I’d like to say that at some point, you just accept that it’s not possible to figure it all out (because it’s not!) and stop getting frustrated and flummoxed when that post you worked on for days gets 15 comments, no links, and 200 pageviews. But that would be a lie.

    The best I’ve been able to do is to recognize that there are certain commenters whose opinions I hold in especially high regard, because they usually disagree with me, but also usually do a great job of really honing in on the weak spots of my posts when they do. If just one of those commenters provides positive feedback on a post where I presumed they would disagree with me, then I can feel confident that it was a good post. Of course, the next problem is, having concluded something was a good post, it’s a little annoying to see that no one outside the site is reading it.

    *For example, compare the number of comments I got on two separate posts I did on Honduras:

    The second post has since actually wound up with a lot of pageviews, but only because of Google Images searches; it got only a handful of pageviews on the substance.Report

  12. Burt Likko says:

    Happy anniversary and keep up the great work, my friend. Your participation in our community is intensely valuable and you embody the ideals of the Gentlemanly spirit to which the blog as a whole aspires.Report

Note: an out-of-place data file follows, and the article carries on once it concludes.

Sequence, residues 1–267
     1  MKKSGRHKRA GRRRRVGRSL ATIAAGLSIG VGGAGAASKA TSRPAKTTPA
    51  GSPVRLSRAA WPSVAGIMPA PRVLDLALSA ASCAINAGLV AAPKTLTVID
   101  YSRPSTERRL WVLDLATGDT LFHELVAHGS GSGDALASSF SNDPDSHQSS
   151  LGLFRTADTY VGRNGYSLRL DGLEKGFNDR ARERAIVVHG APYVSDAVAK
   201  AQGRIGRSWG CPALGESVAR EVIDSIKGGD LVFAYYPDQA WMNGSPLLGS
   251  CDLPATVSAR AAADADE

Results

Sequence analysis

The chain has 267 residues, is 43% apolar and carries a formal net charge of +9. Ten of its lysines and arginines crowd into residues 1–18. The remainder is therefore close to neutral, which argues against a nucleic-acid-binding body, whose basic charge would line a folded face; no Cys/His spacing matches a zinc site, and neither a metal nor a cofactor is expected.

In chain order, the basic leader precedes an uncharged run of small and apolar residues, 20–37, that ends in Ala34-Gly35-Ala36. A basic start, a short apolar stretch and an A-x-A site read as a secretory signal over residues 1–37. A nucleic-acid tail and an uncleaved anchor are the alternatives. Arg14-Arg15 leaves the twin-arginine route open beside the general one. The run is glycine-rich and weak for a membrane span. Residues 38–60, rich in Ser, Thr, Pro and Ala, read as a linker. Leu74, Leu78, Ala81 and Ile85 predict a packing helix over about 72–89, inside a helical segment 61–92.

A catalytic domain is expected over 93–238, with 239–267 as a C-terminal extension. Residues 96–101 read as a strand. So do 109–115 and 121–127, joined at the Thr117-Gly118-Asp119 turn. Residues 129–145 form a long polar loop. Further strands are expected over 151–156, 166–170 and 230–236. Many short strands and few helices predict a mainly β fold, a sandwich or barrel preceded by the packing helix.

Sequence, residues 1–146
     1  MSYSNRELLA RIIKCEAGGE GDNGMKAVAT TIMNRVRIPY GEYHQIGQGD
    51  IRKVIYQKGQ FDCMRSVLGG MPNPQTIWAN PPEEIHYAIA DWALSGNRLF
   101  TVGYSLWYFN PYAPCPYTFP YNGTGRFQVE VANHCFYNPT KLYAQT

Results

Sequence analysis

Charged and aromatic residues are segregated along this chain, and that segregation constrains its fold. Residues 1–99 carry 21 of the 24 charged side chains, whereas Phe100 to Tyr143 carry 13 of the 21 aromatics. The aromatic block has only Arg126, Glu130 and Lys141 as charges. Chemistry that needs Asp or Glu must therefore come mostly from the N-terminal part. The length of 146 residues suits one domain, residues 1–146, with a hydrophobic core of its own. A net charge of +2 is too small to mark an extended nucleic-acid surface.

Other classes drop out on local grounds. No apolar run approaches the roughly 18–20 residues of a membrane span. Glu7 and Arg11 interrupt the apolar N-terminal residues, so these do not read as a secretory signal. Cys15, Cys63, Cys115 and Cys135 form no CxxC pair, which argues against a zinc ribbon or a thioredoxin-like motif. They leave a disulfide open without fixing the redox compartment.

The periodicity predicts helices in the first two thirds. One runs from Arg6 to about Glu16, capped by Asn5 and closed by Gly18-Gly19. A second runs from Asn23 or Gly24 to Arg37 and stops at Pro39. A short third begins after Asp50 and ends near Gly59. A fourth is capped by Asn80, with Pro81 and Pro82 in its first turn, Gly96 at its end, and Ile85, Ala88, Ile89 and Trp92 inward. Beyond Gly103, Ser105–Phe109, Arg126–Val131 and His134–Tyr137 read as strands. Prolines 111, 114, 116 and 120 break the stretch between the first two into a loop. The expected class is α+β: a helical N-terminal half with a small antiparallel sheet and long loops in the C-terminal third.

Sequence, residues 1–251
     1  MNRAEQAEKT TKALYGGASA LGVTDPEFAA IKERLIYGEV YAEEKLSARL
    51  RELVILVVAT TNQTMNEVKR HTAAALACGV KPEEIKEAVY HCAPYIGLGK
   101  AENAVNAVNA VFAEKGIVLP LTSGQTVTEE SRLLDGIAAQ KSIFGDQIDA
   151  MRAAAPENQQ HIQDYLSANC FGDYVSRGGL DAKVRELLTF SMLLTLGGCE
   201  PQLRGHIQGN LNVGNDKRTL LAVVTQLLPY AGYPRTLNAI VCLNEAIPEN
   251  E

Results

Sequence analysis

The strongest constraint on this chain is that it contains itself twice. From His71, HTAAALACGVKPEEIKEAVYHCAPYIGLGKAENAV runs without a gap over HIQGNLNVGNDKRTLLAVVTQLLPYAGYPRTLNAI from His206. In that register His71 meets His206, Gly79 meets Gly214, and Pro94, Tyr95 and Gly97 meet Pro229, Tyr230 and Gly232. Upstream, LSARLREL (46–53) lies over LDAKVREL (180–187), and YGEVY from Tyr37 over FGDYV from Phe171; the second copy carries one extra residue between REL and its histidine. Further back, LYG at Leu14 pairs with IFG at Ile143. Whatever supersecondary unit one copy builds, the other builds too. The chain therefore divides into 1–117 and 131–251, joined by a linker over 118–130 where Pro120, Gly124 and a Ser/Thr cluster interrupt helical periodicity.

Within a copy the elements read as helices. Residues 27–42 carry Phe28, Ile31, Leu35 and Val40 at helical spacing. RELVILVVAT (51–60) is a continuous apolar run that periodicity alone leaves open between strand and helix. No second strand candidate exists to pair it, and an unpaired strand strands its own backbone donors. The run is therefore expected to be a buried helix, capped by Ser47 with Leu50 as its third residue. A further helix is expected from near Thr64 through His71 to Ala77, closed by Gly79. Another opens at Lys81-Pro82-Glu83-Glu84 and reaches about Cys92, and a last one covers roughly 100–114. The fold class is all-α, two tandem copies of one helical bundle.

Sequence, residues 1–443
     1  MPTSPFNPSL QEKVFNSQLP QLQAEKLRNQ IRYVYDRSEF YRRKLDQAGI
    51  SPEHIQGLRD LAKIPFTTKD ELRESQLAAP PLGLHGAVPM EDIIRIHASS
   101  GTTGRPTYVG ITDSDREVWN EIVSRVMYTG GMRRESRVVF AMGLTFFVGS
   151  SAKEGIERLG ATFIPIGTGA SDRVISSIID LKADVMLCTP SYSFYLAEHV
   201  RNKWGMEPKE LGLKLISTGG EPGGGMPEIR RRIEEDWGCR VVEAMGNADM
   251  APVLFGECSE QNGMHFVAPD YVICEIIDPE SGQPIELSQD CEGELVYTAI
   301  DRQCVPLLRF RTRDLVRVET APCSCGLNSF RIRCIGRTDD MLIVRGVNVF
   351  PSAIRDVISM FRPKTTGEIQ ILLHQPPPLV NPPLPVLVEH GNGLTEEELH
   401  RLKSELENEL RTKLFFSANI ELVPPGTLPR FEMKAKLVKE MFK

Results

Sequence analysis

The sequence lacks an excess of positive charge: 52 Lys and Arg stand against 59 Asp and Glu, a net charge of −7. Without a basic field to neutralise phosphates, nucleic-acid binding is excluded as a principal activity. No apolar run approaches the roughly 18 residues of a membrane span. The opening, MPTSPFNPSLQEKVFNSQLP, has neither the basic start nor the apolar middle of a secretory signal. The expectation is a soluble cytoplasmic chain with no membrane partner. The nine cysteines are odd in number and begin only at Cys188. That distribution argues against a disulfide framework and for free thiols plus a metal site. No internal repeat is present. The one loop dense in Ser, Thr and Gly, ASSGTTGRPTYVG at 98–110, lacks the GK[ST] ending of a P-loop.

13. Maribou says:

    Happy anniversary! You are a delight to read and to know.

    As far as Waterworld posts, what I told Jay once (and I think Patrick has said the same thing on MD): You have to be at least a bit wrong to get comments. By which I mean, commenters here are reluctant to just say “Oh, good show, old chap!” – they want to have something substantive to contribute. If a post is nigh perfect, it’s hard to find a substantive response, beyond appreciation, and so the people who read it don’t tend to comment; while if it’s got obvious flaws, well, time to dig in! The way the comment system works is great for foregrounding comments and thus encouraging discussion. However, it also tends to obscure posts that haven’t gotten many comments yet, making pageviews less likely. People are less likely to link to perfect things, too, than they are to things they wish to disagree stridently with.

    Jaybird doesn’t buy this theory, but I am increasingly confident of it.Report

  14. Snarky McSnarkSnark says:

    Hey Tod — congratulations from a fan. I have really enjoyed reading your posts.

    When are you getting started on that novel?Report

  15. Erik Kain says:

    Tod, it’s obvious to anyone with an eye for talent (and I believe I do have that) that you’re a natural born writer. You’ve got the gift, and I could see that plainly after you’re first few guest posts. No bewilderment from where I’m standing.Report

  16. Michelle says:

    Happy first anniversary, Tod. It’s been a delight reading your posts. You’ve covered so many different subjects so well, although my favorite will likely always be the post on your parents’ second date.